Although debugging techniques can help you iron out problems in your code, you may want to simply add chunks of code at compile time (if you're currently in the debugging phase of your project) or remove the same chunks when you release your code. Conditional compilation makes it possible to add and remove chunks from the executable.
Conditional compilation relies on compiler directives in your code that indicate to the compiler, as it's compiling your code, how it should use the code. Compiler directives are #If statements that direct the compiler as to which code it should leave in and which code it should leave out. For example, you might wish to put debugging code in your application, but when you create a final compile, you don't want the debugging code to be there. Or maybe you wish to take out the code for certain features if you are creating a demo version of your product.
To use conditional compilation, you will first need to declare a compiler constant. You declare then using the #Const statement. Each constant is given a unique name and assigned a value. Once these constants are declared, you can use them within an #If… #End If block. As you'll see, there are several ways to define conditional compilation constants.
Declaring a File-Level Compiler Constant
You can declare a compiler constant anywhere within a file in your program. That compiler constant is then available anywhere within that file. It does not matter whether you place the constant declaration at the top of the file, within a defined class, or within a procedure, it will still be available throughout the whole file. For example, the sample page DebugForm.aspx defines the following constant at the top of its code-behind file:
#Const DEMO = True
Using Conditional Compilation Constants
To create a compiler directive, use the #If… #End If construct. You might, for example, want to include one block of code for demo versions of your application and different code for retail versions, like this:
Private Sub ConditionalSample() #If DEMO Then lblMessage.Text = "Demo version" #Else lblMessage.Text = "Retail version" #End If End Sub
You may be wondering why you'd use conditional compilation rather than simple conditional statements in your code. One good reason is that you may have large blocks of code that are different for two versions of your application. There's no reason to load both sets of code when they're mutually exclusive. Instead, you can make the choice as to which block you want to include at compile time (not at runtime) using conditional compilation.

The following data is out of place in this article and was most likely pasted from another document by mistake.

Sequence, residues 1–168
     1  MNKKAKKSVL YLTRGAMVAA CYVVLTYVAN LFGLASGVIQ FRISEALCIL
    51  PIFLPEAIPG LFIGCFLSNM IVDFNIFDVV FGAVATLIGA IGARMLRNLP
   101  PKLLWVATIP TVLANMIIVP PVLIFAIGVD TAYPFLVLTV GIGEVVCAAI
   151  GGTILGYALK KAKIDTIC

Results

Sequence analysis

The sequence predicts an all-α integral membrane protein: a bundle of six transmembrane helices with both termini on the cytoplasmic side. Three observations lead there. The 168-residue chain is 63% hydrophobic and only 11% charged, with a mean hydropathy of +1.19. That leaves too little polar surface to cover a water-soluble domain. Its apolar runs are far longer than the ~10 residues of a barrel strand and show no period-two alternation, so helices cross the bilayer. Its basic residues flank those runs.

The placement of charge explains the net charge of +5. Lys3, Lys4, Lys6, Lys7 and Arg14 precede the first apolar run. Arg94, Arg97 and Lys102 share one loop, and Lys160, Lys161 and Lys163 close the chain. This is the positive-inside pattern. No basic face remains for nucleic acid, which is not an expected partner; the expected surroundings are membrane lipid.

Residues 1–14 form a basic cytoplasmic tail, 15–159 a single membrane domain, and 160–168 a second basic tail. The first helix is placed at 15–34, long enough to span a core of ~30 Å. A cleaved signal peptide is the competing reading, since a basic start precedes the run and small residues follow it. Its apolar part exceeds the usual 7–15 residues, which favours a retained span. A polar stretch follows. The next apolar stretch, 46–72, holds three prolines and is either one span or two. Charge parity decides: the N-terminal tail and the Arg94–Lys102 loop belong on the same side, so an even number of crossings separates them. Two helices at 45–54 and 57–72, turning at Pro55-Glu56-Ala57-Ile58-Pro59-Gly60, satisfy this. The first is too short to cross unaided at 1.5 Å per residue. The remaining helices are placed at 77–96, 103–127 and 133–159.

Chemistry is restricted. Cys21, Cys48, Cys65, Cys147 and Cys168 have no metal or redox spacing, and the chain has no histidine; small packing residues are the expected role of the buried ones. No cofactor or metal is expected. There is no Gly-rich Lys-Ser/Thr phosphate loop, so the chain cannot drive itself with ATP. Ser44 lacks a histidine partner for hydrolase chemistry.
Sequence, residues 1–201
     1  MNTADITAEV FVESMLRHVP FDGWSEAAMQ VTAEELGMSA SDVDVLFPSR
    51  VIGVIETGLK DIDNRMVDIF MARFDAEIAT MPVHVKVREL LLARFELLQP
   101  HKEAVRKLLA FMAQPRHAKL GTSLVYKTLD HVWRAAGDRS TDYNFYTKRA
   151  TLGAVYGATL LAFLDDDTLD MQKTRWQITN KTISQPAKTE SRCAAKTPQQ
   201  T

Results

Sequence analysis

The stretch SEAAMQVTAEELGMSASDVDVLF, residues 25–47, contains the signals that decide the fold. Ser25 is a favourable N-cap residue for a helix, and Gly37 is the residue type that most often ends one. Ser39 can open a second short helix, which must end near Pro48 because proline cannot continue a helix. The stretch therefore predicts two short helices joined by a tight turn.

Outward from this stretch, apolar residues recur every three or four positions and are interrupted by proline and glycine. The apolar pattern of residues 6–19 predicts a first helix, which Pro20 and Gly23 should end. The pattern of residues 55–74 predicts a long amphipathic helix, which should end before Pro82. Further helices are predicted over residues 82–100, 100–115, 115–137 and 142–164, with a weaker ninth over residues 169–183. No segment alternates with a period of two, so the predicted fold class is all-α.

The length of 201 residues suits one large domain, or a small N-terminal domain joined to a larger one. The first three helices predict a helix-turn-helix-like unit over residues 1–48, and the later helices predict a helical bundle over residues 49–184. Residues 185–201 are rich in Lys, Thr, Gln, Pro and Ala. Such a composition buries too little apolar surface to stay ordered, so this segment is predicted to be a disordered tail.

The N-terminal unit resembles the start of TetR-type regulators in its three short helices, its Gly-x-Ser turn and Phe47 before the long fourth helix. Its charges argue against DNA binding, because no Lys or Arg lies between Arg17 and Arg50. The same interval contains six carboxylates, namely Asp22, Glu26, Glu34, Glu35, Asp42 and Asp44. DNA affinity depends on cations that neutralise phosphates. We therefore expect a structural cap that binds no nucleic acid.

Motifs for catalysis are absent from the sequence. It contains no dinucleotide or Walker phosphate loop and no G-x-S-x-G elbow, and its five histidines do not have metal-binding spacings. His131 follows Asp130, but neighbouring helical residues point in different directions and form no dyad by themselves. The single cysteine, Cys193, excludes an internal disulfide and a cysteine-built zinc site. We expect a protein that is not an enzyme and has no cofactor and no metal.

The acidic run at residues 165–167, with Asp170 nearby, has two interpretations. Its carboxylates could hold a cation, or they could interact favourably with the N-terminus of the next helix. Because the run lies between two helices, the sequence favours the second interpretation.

Unlike a normal If statement, the #If statement actually removes the unused code as it compiles. This leads to a reduced application size in memory and prevents unnecessary or unwanted code being deployed as part of the application. For the preceding example, the compiler will actually only see the following code (assuming that the DEMO constant is set to True):
Private Sub ConditionalSample() lblMessage.Text = "Demo version" End Sub
Visual Studio .NET provides two built-in compile-time constants: DEBUG and TRACE. By default, they're both defined for you (although you can modify this behavior using the Project Properties dialog box). The DEBUG constant is defined to be True when you are compiling a Debug build of your program. (You can choose what type of build you are making by selecting Build, Configuration Manager from the menu bar and then choosing either the Debug or Release version. Once you set your application to build as Release, the Debug constant is set to False.) The TRACE constant allows you to control runtime tracing of your application.
Declaring a Global Compiler Constant
To declare a compiler constant that can be used throughout your whole application, select the project within the Solution Explorer window, right-click, and select Properties from the context menu. On the Property Pages dialog box, select Configuration Properties, Build. Figure 9.25 shows the Property Pages dialog box.
Figure 9.25. Use this property page to set compile-time constants.
In the Custom Constants text box, enter the constant name, an equal sign, and the value to assign. (Compile-time constants follow the same naming rules as any other Visual Basic .NET variables.)